Matthew Yglesias

Matthew Yglesias is a senior editor at the Center for American Progress Action Fund, a former Prospect staff writer, and the author of Heads in the Sand: How the Republicans Screw Up Foreign Policy and Foreign Policy Screws Up the Democrats.

Recent Articles

China's Trade Deficit

Why increasing oil prices are a big problem for China, and for us.

Chinese factory workers (Imaginechina via AP Images)
A funny thing happened happened early this week while Washington was focused on the budget -- China ran a quarterly trade deficit . Yes, that's right, the currency manipulating export-mad engine of growth whose rapid advances have dominated coverage of the global economy is now a net importer. Given the amount of huffing and puffing that Americans have done about trade with China over the past several years, you might think this is excellent news. In fact, it's a sign that oil scarcity poses a severe risk to the world economy -- America's most of all. What happened? Well China didn't stop selling stuff to foreigners. It's still the world's manufacturing hub. And Chinese people didn't suddenly start gobbling up tons of American manufactured goods. That's too bad. A spike in Chinese demand for American-produced goods would put Americans to work and help push our domestic economy into a pattern of self-sustaining growth. But even though Americans are often a bit solipsistic, we're not...

What's in a Word?

A philosophical defense of blogging

(Flickr/GRwitters)
Suppose you meet a previously un-contacted native tribe and begin trying to learn its language. Every once in a while, tribal members point to a rabbit and say "gavagai." You come to assume that "gavagai" means "rabbit." But what if you're wrong? What if it means "undetached rabbit part" or "temporal stage of a rabbit"? How would you know? Am I blowing your mind yet? If you're not stoned, probably not. But 10 years ago, I was a college student bewitched with the problems of philosophy, and Willard Van Orman Quine was blowing my mind as I first read his so-called indeterminacy of translation thesis. To this day, I remember the shawarma roasting in the no-longer-extant Turkish takeout joint on Mt. Auburn Street in Cambridge where I first cracked open Quine's key book, Word and Object. Back in Cambridge several months ago, I tried to stop by the place, only to find that the building had been demolished. But I could still taste the hummus. And the metaphysics. And, oh, what a metaphysics...

The Policy Apocalypse

The right's ridiculous rhetoric on Obama will have a real effect on policy.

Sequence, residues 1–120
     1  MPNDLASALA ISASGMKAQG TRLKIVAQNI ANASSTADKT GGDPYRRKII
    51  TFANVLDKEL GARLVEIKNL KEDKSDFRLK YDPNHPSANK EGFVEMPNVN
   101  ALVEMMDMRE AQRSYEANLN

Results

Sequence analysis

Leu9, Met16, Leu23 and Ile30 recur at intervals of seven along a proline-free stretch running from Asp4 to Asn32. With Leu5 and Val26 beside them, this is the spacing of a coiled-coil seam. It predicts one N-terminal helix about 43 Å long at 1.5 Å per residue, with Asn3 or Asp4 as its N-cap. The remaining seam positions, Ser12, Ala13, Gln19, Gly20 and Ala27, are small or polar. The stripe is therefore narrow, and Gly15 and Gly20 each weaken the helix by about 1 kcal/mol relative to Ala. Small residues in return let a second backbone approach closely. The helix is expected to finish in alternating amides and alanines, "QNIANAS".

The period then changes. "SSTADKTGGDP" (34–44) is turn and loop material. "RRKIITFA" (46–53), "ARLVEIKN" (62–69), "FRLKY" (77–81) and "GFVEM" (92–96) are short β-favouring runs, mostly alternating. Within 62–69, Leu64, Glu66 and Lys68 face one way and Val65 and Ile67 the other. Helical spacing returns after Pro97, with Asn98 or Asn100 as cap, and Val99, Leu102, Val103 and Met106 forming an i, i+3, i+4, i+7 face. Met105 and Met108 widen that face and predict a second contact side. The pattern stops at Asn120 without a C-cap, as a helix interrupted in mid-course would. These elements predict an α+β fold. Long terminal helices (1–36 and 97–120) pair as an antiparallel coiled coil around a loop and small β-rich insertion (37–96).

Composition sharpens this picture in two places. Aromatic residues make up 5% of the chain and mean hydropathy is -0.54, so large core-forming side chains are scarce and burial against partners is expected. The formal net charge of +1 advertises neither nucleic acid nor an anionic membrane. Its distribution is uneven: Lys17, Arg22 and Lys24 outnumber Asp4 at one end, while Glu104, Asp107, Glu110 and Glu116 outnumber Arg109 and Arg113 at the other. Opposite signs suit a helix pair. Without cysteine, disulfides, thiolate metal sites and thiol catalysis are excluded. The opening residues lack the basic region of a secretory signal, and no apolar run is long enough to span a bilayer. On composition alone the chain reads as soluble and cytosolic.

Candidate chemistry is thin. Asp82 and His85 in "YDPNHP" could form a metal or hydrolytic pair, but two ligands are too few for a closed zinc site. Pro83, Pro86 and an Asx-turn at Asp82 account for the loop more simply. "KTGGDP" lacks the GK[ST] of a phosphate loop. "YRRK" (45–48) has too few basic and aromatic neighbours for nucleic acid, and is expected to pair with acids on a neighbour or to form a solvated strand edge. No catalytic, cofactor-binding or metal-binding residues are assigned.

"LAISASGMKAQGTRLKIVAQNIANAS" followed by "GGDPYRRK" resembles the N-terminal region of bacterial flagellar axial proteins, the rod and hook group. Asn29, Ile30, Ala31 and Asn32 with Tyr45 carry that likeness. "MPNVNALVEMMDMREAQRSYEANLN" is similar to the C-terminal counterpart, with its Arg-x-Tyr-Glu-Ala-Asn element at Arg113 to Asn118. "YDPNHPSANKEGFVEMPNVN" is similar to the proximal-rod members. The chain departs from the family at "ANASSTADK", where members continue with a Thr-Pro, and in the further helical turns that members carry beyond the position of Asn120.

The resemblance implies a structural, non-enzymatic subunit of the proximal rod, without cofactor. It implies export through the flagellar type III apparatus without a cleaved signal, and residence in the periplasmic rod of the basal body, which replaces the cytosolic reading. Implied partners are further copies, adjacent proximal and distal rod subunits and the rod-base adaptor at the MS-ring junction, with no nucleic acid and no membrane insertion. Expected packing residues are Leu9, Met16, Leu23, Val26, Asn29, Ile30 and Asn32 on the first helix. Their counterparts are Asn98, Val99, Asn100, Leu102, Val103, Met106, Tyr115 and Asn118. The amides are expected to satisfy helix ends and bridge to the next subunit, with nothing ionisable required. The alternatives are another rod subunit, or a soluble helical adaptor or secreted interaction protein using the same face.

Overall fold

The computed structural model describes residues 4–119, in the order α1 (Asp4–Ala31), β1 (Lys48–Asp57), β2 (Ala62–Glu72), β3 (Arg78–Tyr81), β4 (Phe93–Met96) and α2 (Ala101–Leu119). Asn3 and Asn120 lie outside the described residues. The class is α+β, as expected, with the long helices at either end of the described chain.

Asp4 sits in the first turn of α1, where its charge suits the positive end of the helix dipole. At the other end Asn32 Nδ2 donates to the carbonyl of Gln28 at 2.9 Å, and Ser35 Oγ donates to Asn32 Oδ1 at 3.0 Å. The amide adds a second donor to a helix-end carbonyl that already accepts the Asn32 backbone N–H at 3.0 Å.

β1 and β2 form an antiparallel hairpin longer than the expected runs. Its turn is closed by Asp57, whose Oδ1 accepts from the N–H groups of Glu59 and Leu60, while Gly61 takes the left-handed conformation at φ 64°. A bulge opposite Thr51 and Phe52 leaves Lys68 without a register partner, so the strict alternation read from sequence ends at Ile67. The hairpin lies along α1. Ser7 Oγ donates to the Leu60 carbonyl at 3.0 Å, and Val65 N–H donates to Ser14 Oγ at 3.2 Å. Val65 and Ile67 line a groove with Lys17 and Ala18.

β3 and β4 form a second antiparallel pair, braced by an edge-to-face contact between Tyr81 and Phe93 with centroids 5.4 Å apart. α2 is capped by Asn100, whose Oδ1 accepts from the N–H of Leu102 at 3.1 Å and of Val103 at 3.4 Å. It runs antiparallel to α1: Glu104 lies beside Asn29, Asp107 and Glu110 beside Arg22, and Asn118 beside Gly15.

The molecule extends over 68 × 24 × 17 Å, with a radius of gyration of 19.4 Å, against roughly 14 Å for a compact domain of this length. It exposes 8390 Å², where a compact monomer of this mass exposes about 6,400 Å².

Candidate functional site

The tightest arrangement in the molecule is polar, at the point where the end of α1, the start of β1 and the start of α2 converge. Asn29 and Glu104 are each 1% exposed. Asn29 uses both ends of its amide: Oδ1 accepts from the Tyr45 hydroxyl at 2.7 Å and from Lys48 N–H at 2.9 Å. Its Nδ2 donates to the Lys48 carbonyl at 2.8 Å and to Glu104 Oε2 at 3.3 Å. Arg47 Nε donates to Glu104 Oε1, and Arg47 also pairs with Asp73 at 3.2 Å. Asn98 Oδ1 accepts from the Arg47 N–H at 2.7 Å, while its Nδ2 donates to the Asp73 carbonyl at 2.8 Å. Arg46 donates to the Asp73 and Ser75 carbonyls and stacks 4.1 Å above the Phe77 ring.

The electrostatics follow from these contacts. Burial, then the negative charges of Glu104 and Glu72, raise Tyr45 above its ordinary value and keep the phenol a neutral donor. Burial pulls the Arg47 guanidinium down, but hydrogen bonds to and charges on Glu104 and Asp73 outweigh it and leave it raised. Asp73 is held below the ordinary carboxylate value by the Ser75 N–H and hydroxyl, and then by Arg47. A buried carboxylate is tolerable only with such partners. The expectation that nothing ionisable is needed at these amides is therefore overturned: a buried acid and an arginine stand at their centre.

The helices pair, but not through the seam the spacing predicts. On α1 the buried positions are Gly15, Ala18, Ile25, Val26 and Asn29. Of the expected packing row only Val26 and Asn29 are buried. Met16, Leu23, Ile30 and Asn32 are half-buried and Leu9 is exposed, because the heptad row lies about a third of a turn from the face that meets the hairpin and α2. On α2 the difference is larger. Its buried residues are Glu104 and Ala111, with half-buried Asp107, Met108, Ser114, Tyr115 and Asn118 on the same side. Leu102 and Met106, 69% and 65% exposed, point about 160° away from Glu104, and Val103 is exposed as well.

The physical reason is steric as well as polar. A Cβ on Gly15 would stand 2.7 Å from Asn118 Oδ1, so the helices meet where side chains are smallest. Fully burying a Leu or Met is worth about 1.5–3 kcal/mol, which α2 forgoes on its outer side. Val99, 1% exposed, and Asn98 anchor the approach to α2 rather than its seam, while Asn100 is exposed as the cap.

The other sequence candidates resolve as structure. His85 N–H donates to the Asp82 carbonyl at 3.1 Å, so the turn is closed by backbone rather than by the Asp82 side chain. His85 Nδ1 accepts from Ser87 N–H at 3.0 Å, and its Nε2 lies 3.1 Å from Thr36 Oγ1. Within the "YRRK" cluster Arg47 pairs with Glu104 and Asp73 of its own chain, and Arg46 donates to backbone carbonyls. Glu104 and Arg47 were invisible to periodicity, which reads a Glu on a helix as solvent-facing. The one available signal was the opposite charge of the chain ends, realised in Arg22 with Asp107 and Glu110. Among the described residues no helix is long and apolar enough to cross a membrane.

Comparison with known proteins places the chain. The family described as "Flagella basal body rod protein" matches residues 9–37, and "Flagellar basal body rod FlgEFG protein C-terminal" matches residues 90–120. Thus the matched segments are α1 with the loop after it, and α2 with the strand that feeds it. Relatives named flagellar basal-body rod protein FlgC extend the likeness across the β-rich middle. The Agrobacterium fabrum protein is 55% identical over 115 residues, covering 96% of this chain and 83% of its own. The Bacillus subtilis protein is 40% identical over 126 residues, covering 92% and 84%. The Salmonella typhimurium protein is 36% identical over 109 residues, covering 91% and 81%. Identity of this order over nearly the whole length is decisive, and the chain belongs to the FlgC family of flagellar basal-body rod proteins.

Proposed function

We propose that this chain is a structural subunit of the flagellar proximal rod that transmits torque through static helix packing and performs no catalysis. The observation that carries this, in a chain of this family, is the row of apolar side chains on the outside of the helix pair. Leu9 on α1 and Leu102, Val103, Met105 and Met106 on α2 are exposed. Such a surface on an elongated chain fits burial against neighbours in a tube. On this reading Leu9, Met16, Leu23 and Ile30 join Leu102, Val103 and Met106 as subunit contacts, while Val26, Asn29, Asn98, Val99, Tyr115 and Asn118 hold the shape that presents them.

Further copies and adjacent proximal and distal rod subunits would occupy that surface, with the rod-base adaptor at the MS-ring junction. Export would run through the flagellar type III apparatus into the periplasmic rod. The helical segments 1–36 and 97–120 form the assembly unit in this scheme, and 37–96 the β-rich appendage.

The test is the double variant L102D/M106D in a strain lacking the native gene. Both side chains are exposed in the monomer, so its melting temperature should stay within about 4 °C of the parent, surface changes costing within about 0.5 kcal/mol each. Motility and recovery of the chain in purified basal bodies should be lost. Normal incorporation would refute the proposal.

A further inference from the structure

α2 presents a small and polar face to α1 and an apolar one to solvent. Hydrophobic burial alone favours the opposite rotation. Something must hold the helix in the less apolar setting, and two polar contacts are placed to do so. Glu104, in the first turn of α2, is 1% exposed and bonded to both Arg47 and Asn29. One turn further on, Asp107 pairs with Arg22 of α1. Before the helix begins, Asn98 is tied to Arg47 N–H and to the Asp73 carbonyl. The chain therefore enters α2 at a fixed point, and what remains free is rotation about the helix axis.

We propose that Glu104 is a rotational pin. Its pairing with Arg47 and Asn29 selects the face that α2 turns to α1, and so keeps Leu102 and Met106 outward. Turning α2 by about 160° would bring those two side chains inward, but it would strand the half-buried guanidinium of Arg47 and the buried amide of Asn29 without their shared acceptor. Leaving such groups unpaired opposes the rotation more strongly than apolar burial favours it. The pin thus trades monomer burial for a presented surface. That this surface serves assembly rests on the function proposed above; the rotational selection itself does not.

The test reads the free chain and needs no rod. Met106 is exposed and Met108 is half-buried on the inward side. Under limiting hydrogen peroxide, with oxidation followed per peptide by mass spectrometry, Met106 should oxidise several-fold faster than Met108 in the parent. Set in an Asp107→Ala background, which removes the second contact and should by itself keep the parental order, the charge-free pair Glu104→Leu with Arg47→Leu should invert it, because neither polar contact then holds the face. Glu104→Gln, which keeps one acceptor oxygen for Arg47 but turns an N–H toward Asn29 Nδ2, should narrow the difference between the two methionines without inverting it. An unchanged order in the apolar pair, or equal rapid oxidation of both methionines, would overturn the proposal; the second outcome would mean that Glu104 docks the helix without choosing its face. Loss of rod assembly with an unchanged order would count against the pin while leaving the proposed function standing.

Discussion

Former House Speaker Newt Gingrich (AP Photo/Charlie Neibergall)
The question of what, if anything, differentiates a "Tea Partier" from a conventional Republican has attracted a lot of attention over the past year and a half. Research from political scientist Chris Parker sheds light on one aspect of the situation: Tea Partiers are in the grips of apocalyptic fantasies such that "6 percent of non-Tea Party conservatives believe the president is destroying the country versus the 71 percent of Tea Party conservatives who believe this to be true." In ordinary times, you might think that an over-the-top grassroots base would be restrained by party elites. But Tea Party millennialism is reinforced, not constrained, by key conservatives. Matt Continetti of the Weekly Standard published a long article this week accusing liberals of "paranoid" dislike of the billionaire Koch brothers, who have emerged as the leading money-men of the American right. But according to Continettit's own reporting, it's the Kochs who seem paranoid. David Koch said to Continetti...

Principled Action

Why the drumbeat to go to war with Libya is a bad idea

The past week has featured a slightly surreal journalistic drumbeat for war in Libya, currently wracked by a civil war that the incumbent Gadhafi regime seems to be winning. New Republic literary editor slash foreign-policy commentator Leon Wieseltier deemed the Obama administration's failure to intervene "a disgrace," while the neoconservative Foreign Policy Initiative assembled a letter headlined by Weekly Standard editor Bill Kristol urging America to go to war. As is typical of 21st-century would-be war-starters, however, they didn't actually use the word. Instead, they called on President Barack Obama "to urgently institute a no-fly zone over key Libyan cities and towns" and "explore the option of targeted strikes against regime assets." This, of course, amounts to a war: American military personnel would be entering Libyan airspace, attacking Libyan aircraft and ground-based air defenses, and dropping bombs ("targeted strikes") on people ("regime assets"). These publications,...

Catch-Up Growth

Economic development is at the root of unrest throughout the Arab world -- and helping countries manage economic growth well should be our concern going forward.

A Nigerian oil disaster (Flickr/Sosialistisk Ungdom -- SU)
As the world's eyes remain fixed on political change in the Arab world, it's worth looking back to where the crisis began -- unrest over higher food prices in grain-importing countries -- to get a sense of the fundamental challenges facing the region. In the short term, the run-up in food prices was mostly driven by bad harvests in Russia and Australia. In a deeper sense, however, raising prices for both food and other commodities such as oil are all driven by a fundamental shift in the world's pattern of economic growth. To oversimplify a bit, you can think of the world as featuring two paths of economic growth. One is frontier-pushing growth, where high-tech countries dream up new ideas -- someone invents Facebook, or a better industrial robot, or a faster train. Another is catch-up growth in which a poor country prospers by copying ideas that have already been developed in countries closer to the frontier. That's what happens when an apparel factory opens up in Bangladesh or a...

Pages